Steve Meador is the author of Throwing Percy from the Cherry Tree, a poetry book that was an entrant for a National Book Award and the Pulitzer Prize in poetry. He is widely published in online and print journals. He has been a real estate broker since the early 1980s and currently lives and practices in the Tampa, FL, area.

Sunday, April 3, 2011

Lost my cousin, Jimmy, on April 2. Seems like we packed ten years of living into two years, 1969 and 1970. Maybe we really did.

He knew the beer was being filched, four or five bottles on hot summer nights. He had to have known. The rickety garage door smiled, with its slight sag in the middle, and it complemented the neighborly look of the red brick ranch overlooking the river. It was a perpetual invitation, during the summer of 1969, calling our soon-to-be sophomore hormones, begging us to indulge in the newness of an alcoholic offering, pleading to join us and the cigarettes we lifted from my aunt and uncle. Come as you are. No RSVP.

They did not have pets, the man and his wife, so what reason could there have been to leave a garage door lifted about a foot off the concrete floor? Still, there existed, along the perimeter of that friendliness, a fear, each time one of our arms slid under the door, that a handcuff would bite the wrist, spotlights shoot out from a dark corner and deputies would spring across the prickly yews. But there was nothing more than a fresh case of Carling Black Label, a couple times a week—as though the man had hijacked an entire beer-loaded barge—always placed in the same spot, flaps open, teasing us with the honey voice of a goddess, “Last call, gentlemen, last call.”  We drank responsibly, before the phrase was ever invented, and respectfully, sneaking the empties back into the cases.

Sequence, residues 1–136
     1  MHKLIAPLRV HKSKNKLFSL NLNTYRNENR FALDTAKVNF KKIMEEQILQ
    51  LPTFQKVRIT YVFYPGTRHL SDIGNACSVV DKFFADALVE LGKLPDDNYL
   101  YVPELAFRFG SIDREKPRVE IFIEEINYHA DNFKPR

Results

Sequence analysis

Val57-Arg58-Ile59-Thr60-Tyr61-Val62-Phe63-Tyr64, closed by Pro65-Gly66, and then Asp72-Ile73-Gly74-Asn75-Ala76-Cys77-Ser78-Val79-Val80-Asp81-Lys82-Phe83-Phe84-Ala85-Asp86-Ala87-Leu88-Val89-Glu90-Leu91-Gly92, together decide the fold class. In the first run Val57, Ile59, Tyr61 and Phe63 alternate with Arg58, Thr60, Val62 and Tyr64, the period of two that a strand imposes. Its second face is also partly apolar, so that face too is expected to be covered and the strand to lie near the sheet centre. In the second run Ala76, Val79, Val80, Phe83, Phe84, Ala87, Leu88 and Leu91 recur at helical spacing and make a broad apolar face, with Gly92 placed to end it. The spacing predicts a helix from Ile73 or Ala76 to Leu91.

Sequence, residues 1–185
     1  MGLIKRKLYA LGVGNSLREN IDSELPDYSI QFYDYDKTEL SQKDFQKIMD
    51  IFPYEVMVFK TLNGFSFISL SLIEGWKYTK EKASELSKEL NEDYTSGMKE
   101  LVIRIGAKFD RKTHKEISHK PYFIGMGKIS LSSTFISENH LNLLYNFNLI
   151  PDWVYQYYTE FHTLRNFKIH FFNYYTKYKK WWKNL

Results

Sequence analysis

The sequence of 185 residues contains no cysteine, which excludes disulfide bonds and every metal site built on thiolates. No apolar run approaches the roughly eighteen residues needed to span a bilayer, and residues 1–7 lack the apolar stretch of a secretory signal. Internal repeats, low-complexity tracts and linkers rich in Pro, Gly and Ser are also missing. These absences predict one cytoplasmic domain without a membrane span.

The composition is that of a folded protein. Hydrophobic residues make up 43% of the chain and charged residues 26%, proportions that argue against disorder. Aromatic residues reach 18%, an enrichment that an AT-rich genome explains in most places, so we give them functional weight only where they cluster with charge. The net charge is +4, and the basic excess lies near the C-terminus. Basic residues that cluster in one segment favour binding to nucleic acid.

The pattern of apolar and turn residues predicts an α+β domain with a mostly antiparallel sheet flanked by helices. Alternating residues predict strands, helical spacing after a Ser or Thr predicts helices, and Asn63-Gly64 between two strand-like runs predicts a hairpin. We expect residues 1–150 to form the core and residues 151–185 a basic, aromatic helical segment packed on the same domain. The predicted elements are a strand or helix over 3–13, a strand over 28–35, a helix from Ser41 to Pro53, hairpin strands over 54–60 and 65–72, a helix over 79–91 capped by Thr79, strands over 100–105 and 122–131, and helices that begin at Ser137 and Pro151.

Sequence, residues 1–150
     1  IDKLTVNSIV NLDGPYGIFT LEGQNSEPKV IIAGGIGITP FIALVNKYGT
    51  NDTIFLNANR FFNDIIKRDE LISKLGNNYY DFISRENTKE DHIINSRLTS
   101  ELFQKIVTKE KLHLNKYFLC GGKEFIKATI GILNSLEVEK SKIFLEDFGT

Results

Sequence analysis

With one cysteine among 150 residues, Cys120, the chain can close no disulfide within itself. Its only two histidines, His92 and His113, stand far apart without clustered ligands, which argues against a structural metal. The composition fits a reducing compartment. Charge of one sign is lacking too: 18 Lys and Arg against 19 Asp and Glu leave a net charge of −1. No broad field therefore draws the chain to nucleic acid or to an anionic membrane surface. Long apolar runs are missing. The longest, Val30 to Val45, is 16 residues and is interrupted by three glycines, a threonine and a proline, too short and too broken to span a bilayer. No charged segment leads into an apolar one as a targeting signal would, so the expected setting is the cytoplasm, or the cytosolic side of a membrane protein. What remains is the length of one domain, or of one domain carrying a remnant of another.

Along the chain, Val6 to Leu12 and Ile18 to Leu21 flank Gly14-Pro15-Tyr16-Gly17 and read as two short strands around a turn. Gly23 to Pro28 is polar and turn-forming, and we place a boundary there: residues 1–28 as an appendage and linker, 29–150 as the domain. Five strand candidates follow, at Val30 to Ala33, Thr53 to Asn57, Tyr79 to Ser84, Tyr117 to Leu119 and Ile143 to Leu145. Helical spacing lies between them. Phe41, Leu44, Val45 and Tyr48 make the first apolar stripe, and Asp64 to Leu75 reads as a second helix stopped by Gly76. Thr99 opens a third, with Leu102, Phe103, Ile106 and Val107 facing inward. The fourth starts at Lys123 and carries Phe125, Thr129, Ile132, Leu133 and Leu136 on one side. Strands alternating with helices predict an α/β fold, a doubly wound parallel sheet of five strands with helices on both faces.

Nights on the bank of the Auglaize—bugs buzzing, mosquitoes buzzing, us buzzed—the water so perfectly flat it was hard to tell which view was reflection, which real, and the current so glacially slow you could dig a hole in it, a hole to hold the wishes, wants and dreams of fifteen year old boys.

Once I caught a flicker of light, too strong to be a firefly, in front of, or behind, the huge window on the back of the house. Likely a cigarette lighter or match. Could be he was there wading in the shallows or swimming in the deep of his own darkness. Perhaps stirring up old July evenings from decades past. Regardless, Mr. Treat could not have had a more appropriate name, as far as we were concerned. When summer ended the garage door lost its smile, rolled all the way down every evening, squeaking, screeching along the way, like some witch of a waitress calling, “Bar closed. Bar closed.”

Jimmy Lee Floyd, March 14, 1954-April 2, 2011

1 comment:

  1. There was a funeral this morning
    turn out at the Lutheran Church was huge.
    I went looking in the paper
    to see who the love was for.

    He was 16
    and left them all suddenly.
    The condolences
    spoke of his smile
    and smart-ass wit.

    And they
    would miss him.